Small firms want Montgomery County to improve business climate

|
Local,Maryland,Kate Jacobson,Montgomery County

An initiative by Montgomery County officials to give more contracts to small businesses is growing, but company owners say the county needs to do more to help them.

About 80 business executives and owners met with County Councilman George Leventhal, D-at large, to discuss the county's small-business climate -- which they say needs to be improved -- and the county's Local Small Business Reserve Program, which reserves 20 percent of county service contracts for small businesses.

Though the program has grown from $33.2 million in fiscal 2009 to $58.1 million in fiscal 2011, small-business owners say they have trouble navigating the cumbersome process. Others said they were at a disadvantage to win contracts because they were unfamiliar with the government and didn't know how to navigate the process.

Judy Stephenson, owner of Officepro Inc., said the procurement process in Montgomery County is complicated and slow.

"It took me personally six years of concerted effort to get a contract with Montgomery County," she said. "That didn't happen other places."

She said her company has multiple contracts with companies in Fairfax, Arlington and Prince William counties and won those without a special program dedicated to small businesses.

Steve Silverman, director of the Montgomery County Department of Economic Development, said the program allows county small businesses to bid for contracts that are less than $10 million. He said the program -- which was created in 2008 -- is a work in progress, though it is allowing small businesses to compete with larger companies for county projects.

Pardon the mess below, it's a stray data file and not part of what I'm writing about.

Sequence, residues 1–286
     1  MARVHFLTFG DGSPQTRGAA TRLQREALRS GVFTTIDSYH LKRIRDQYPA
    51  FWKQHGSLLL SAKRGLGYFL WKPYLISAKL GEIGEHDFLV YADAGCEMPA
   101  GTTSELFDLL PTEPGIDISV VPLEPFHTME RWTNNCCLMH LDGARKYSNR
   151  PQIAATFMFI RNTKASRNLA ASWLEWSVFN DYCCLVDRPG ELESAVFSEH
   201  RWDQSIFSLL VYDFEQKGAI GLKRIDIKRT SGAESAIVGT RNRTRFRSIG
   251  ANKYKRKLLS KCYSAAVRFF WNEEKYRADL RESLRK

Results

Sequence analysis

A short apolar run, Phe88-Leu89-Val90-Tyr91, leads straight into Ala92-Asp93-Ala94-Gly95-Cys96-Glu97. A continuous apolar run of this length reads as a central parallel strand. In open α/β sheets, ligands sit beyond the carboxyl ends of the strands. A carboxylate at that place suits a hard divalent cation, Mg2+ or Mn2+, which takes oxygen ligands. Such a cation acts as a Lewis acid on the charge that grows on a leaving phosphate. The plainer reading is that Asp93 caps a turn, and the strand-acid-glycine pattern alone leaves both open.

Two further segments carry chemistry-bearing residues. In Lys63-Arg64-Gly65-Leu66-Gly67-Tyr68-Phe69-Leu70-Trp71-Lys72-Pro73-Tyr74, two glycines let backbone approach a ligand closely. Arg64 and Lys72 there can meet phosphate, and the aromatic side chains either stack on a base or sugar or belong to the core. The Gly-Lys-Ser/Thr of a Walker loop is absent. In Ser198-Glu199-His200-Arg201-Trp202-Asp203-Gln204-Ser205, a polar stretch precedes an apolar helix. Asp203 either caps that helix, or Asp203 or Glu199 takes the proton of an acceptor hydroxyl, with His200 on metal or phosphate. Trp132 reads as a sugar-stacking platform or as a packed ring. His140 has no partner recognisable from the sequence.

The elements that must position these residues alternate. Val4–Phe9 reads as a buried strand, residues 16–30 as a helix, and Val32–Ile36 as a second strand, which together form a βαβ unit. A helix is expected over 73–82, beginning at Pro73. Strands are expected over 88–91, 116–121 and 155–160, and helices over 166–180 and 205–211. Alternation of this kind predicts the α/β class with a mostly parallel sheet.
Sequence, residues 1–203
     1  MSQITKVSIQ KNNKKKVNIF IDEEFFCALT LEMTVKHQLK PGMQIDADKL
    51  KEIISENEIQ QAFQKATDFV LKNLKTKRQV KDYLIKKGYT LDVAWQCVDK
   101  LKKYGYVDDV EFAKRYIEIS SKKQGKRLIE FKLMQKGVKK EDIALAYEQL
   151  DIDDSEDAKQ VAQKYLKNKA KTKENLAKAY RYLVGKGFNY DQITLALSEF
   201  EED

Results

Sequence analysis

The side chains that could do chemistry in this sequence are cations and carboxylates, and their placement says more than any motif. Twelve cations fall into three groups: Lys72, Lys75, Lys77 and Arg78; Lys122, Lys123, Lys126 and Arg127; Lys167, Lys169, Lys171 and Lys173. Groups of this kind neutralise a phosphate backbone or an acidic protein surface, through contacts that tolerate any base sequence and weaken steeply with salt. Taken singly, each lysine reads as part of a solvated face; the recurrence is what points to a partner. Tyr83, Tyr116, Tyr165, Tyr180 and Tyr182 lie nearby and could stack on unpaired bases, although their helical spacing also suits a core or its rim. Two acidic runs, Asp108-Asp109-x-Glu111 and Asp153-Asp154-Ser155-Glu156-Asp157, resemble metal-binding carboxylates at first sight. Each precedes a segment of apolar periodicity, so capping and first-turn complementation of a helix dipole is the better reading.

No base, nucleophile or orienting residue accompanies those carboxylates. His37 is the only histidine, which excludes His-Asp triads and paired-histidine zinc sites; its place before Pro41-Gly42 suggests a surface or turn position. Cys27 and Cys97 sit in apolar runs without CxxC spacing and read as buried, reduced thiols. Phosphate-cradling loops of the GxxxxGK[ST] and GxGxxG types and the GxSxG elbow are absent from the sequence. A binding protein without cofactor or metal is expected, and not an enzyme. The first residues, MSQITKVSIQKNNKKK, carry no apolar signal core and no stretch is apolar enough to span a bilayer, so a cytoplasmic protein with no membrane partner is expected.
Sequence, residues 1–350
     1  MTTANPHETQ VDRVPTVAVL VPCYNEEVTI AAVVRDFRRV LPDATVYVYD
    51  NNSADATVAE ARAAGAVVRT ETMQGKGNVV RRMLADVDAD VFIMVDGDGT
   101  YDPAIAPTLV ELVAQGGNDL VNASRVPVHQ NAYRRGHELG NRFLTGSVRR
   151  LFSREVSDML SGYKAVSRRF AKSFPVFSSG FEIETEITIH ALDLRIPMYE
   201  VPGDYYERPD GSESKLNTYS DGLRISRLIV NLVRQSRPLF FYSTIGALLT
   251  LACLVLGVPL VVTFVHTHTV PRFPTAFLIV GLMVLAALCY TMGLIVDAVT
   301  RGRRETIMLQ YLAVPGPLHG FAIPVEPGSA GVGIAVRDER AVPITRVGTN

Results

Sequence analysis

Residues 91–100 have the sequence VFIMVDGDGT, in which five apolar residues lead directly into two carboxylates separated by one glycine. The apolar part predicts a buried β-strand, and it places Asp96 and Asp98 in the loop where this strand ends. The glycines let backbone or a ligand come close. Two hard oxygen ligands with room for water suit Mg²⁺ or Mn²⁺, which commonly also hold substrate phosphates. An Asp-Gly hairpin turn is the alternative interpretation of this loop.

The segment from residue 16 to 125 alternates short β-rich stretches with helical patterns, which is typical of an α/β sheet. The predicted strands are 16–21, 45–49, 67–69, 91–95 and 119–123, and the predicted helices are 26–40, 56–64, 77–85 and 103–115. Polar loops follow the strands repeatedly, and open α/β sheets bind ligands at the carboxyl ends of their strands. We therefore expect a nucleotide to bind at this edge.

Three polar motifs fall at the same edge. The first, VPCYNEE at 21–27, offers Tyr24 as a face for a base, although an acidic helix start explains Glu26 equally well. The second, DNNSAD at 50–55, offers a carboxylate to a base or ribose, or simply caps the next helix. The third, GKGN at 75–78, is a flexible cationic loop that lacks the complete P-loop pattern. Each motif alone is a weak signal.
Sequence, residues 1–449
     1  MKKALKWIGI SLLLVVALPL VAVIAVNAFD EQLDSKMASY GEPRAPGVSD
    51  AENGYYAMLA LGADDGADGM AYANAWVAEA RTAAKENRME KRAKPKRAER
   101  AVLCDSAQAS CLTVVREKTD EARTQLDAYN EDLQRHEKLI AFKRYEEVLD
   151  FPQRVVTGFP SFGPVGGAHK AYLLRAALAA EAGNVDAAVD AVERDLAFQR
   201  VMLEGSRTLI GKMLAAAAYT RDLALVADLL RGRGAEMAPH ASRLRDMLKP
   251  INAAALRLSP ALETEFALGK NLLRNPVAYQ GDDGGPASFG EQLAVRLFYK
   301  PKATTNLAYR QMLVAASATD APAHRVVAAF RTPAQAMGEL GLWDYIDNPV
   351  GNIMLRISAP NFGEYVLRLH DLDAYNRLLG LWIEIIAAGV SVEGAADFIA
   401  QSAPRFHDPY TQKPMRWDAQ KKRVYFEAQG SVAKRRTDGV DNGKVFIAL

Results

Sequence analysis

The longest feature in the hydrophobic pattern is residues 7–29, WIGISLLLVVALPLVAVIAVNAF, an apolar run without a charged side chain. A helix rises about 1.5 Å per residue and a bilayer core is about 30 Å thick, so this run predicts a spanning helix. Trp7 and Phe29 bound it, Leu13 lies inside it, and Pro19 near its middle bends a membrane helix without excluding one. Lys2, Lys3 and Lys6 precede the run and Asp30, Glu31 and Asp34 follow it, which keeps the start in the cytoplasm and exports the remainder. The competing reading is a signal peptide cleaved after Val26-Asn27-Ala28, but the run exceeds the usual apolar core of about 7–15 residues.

Leventhal said hearing the concerns of business owners will help him and other lawmakers tweak the program to make it more efficient. A new position has been created to help businesses navigate their options when bidding for contracts. Leventhal said the county is making offers to candidates for the position.

"There's a lot of interest in getting contracts, and I want people to be realistic," he said. "Certainly, I'm interested in looking at ways we can strengthen local [business] preferences."

Charles Atwell, co-chairman of the Small Business Committee of the Montgomery County Chamber of Commerce, said the program is a good start, but he thinks the county can do more to promote local business.

"There's a positive perspective about helping small business," said Atwell, who is also the president of Innovative Business Interiors. "I think we are being heard. The next step is, are they going to make some policy changes to make it a reality?"

kjacobson@washingtonexaminer.com

View article comments Leave a comment